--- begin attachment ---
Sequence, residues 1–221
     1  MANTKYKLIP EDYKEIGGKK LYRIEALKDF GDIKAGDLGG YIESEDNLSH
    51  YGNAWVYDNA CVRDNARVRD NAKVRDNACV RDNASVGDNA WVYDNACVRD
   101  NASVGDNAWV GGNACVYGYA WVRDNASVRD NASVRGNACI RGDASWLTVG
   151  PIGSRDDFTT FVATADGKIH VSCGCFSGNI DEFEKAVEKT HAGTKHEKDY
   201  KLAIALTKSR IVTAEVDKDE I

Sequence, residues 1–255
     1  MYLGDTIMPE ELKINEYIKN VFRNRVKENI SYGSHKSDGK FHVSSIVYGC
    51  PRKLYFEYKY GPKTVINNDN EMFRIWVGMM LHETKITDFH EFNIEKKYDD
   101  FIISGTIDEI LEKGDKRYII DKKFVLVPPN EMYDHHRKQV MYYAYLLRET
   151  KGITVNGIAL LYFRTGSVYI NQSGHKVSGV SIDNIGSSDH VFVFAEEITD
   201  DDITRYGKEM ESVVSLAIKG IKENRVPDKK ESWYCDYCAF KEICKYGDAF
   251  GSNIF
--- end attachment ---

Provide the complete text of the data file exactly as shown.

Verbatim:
Sequence, residues 1–221
     1  MANTKYKLIP EDYKEIGGKK LYRIEALKDF GDIKAGDLGG YIESEDNLSH
    51  YGNAWVYDNA CVRDNARVRD NAKVRDNACV RDNASVGDNA WVYDNACVRD
   101  NASVGDNAWV GGNACVYGYA WVRDNASVRD NASVRGNACI RGDASWLTVG
   151  PIGSRDDFTT FVATADGKIH VSCGCFSGNI DEFEKAVEKT HAGTKHEKDY
   201  KLAIALTKSR IVTAEVDKDE I

Sequence, residues 1–255
     1  MYLGDTIMPE ELKINEYIKN VFRNRVKENI SYGSHKSDGK FHVSSIVYGC
    51  PRKLYFEYKY GPKTVINNDN EMFRIWVGMM LHETKITDFH EFNIEKKYDD
   101  FIISGTIDEI LEKGDKRYII DKKFVLVPPN EMYDHHRKQV MYYAYLLRET
   151  KGITVNGIAL LYFRTGSVYI NQSGHKVSGV SIDNIGSSDH VFVFAEEITD
   201  DDITRYGKEM ESVVSLAIKG IKENRVPDKK ESWYCDYCAF KEICKYGDAF
   251  GSNIF